Background: With use of data from the Prospective Antifungal Therapy (PATH) Alliance registry, we performed this multicenter, prospective, observational study to assess the epidemiologic characters and outcomes of invasive fungal infection (IFI) in hematopoietic stem cell transplant (HSCT) recipients.
Methods: Sixteen medical centers from North America reported data on adult HSCT recipients with proven or probable IFI during the period July 2004 through September 2007. The distribution of IFIs and rates of survival at 6 and 12 weeks after diagnosis were studied. We used logistic regression models to determine risk factors associated with 6-week mortality for allogeneic HSCT recipients with invasive aspergillosis (IA).
Results: Two hundred thirty-four adult HSCT recipients with a total of 250 IFIs were included in this study. IA (59.2%) was the most frequent IFI, followed by invasive candidiasis (24.8%), zygomycosis (7.2%), and IFI due to other molds (6.8%). Voriconazole was the most frequently administered agent (68.4%); amphotericin B deoxycholate was administered to a few patients (2.1%). Ninety-three (46.7%) of 199 HSCT recipients with known outcome had died by week 12. The 6-week survival rate was significantly greater for patients with IA than for those with invasive candidiasis and for those with IFI due to the Zygomycetes or other molds (P < .07). The 6-week mortality rate for HSCT recipients with IA was 21.5%. At 6 weeks, there was a trend toward a worse outcome among allogeneic HSCT recipients with IA who received myeloablative conditioning (P = .07); absence of mechanical ventilation or/and hemodialysis (P = .01) were associated with improved survival.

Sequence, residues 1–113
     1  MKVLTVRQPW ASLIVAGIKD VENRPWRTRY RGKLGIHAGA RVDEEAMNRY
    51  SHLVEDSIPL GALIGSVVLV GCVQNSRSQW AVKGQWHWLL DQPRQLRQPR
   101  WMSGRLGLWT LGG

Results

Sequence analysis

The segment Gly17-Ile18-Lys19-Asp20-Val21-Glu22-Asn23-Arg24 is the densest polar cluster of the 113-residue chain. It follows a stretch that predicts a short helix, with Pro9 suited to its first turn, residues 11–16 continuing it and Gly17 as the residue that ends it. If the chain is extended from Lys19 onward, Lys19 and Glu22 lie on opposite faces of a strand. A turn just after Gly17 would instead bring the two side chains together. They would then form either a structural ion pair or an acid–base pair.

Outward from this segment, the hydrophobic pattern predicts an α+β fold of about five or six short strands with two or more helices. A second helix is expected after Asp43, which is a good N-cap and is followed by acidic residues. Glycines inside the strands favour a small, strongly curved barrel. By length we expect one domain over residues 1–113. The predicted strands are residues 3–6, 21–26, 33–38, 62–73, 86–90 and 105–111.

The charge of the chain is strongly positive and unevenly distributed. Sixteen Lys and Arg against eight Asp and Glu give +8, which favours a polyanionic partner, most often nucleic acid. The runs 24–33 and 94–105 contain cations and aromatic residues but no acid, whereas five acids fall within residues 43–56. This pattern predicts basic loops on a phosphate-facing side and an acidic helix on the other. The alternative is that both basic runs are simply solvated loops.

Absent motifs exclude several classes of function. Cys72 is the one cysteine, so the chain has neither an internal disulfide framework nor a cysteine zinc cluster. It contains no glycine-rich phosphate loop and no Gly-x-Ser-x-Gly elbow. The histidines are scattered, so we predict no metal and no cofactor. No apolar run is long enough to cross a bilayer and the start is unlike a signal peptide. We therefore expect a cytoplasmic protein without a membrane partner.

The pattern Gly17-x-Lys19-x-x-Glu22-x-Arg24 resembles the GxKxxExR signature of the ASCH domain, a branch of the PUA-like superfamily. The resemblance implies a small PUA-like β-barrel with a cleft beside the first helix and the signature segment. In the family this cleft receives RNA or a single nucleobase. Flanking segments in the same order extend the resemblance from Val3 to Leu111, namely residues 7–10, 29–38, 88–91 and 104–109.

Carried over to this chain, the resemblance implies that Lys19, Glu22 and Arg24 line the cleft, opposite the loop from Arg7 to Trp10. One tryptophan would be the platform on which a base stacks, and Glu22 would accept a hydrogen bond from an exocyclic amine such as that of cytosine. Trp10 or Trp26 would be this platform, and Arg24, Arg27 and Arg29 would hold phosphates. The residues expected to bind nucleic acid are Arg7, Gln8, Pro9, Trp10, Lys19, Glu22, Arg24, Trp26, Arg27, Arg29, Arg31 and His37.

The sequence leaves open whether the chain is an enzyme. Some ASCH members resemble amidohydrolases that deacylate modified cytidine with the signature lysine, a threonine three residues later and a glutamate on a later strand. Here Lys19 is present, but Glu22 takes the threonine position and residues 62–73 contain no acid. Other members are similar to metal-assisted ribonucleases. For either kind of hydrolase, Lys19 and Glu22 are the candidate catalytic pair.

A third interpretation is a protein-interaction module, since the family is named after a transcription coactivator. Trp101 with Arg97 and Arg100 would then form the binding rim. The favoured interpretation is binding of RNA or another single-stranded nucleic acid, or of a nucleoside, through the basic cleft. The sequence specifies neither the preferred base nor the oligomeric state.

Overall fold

Conclusions: IA remains the most commonly identified IFI among HSCT recipients, but rates of survival in persons with IA appear to have improved, compared with previously reported data. Invasive candidiasis and IFI due to molds other than Aspergillus species remain a significant problem in HSCT recipients.